Sep-10

Mar-12

Sep-13

Mar-15

Sep-16

Mar-08

Mar-11

Mar-14

AUD REER (rhs)

Source: Bloomberg, Morgan Stanley Research

The China Impact
Second, the recent commentary from Chinese policy-makers
continues to show their commitment to reform and achieving
economic rebalancing. As China reorients its growth model
away from exports and investment toward domestic
consumption, we expect economies that have seen significant
terms of trade boosts and REER appreciations due to
Chinese import demand to suffer (see The Global Macro
Analyst: Will China Be the Next to Export Deflation? (19 Nov
2014)). Australia is very much top of that list, in our view, and
a weakening of the FX is critical to help drive Australia’s own
rebalancing toward boosting non-commodity export
competitiveness. As such, this week’s reported widespread
decline of Chinese property prices, whereby new-home prices
dropped in 69 out of 70 cities in October from a month earlier,
harkens further caution for growth models built around
exporting commodities to China.
The HSBC China Flash PMI released this week showed a
further decline as well to 50.0 (50.2e, 50.4p), much in line with
our own China Domestic Financial Conditions index which
has now reached the tightest level since July 2012 (Exhibit 3).

Source: ABS, Bloomberg, Morgan Stanley Research estimates

6

MORGAN STANLEY RESEARCH
November 20, 2014
FX Pulse

Importantly, the report noted “insufficient demand in the
economy” with the output sub-index falling below 50 for the
first time since May as well. As such, we wouldn’t be
surprised to see further weakness in industrial commodity
prices, resulting in a deeper terms of trade shock for Australia.
Exhibit 3

Tightening Financial Conditions in China Do Not
Bode Well for AUD
100 Index
90 Level

% YoY

-31
-21

80
70

-11

60

-1

50
9

Tighter

40

19

30
20

29

10
0
Nov-07

Easier

Dec-08

Jan-10

Feb-11

MS EMDFC - China

Mar-12

Apr-13

39
May-14

AUD/USD (Inverted, rhs)

Source: Bloomberg, Haver Analytics, Morgan Stanley Research

Exhibit 4

Decline in Commodity Prices Negative for AUD
180

1.1

170
1.0

160
150

0.9

140
0.8

130
120

0.7
110
100
Jan-09

0.6
Jan-10

Jan-11

Jan-12

Bloomberg Commodity Index

Jan-13

Jan-14

AUD/USD (rhs)

Source: Bloomberg, Morgan Stanley Research

ChAFTA would increase the screening threshold by the
Foreign Investment Review Board (FIRB) on FDI from China
in non-sensitive private sector entities from the current AUD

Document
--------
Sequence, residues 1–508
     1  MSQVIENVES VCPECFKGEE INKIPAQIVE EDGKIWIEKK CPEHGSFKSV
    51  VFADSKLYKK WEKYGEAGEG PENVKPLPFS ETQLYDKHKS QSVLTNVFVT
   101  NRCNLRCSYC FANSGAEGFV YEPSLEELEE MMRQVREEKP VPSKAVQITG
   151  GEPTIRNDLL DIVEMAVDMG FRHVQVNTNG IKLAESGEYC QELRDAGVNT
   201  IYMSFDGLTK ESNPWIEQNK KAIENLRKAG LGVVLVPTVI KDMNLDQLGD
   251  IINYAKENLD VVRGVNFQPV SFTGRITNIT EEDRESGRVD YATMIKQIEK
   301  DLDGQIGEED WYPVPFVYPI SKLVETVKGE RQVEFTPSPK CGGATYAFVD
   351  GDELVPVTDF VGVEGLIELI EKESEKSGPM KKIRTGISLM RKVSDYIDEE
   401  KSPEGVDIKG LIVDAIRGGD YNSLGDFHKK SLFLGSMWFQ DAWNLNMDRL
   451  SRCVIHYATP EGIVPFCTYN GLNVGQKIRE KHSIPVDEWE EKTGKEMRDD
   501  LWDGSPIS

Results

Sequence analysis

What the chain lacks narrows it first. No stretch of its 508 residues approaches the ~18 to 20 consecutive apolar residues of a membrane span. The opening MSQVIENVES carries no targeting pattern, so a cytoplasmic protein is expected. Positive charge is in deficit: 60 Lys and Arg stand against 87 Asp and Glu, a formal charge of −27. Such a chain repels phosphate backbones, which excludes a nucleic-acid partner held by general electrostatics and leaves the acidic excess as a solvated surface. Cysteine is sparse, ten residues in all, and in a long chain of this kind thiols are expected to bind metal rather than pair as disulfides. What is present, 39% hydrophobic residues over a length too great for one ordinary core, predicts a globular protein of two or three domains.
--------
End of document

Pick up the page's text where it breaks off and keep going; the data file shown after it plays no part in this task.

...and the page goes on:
0.25 billion to AUD 1.08 billion. Since 2006, China’s FDI into
Australia has grown from AUD 0.25 billion to almost AUD 5
billion in 2013. China currently accounts for roughly 10% of
total FDI into Australia. We expect ChAFTA to further promote
the growth of Chinese investment into Australia in the medium
term, but near-term impact would be limited given the nature
of these flows.
Also, at AUD 85 billion, export of goods to China accounts for
30% of Australia’s total exports, of which 90% are resources
and energy exports. The largest immediate impact of ChAFTA
would be the removal of the 3% import tariff on coking coal,
and the removal of the 6% tariff on non-coking coal over the
next two years. Looking at 2013 numbers, Australia exported
AUD 9 billion of coal to China, of which AUD 6 billion were
coking coal and AUD 3 billion were non-coking coal.
Assuming no change in export volumes, the elimination of
tariffs would increase Australia’s export revenue by AUD 0.37
billion per year once the exemption is fully enforced (the other
major commodity exports in iron ore, petroleum oils and LNG
are already enjoying zero tariff). In agriculture and foods, dairy
exports will enjoy the removal of all tariffs, currently up to
20%, within 4-11 years. This would put Australia on an even
footing with New Zealand, which has been dominating China’s
dairy exports since its Free Trade Agreement came into effect
in 2008. Yet, actual enforcement of the above will take a
while, coal and dairy prices have come under pressure, and
with China’s overall import pie not growing as sharply as it
used to, it is difficult to see a significant positive impact for
AUD imminently.
While the ChAFTA will be beneficial to both Australia’s current
and capital accounts, the concentration in commodities
exports leaves AUD exposed to a potential secular decline in
commodity prices. Given that and the longer-term implications
of the ChAFTA, we expect negligible near-term impact on
AUD.

Negligible Near-term ChAFTA Impact on AUD
Additionally, on November 17, the China-Australia Free Trade
Agreement (ChAFTA) was signed after a long period of
negotiation. The agreement removes tariffs on 85% of
Australian goods exports upon enforcement and could be a
positive for the AUD trade balance and capital account in the
medium-term. However, digging further into the details, we
find negligible near-term impact.

Sell AUD/USD
In addition to all of the aforementioned external factors, the
domestic macro story appears to be deteriorating as well for
AUD. Our Australian economists see the transition of the
resource-boom-driven growth model to the East Coast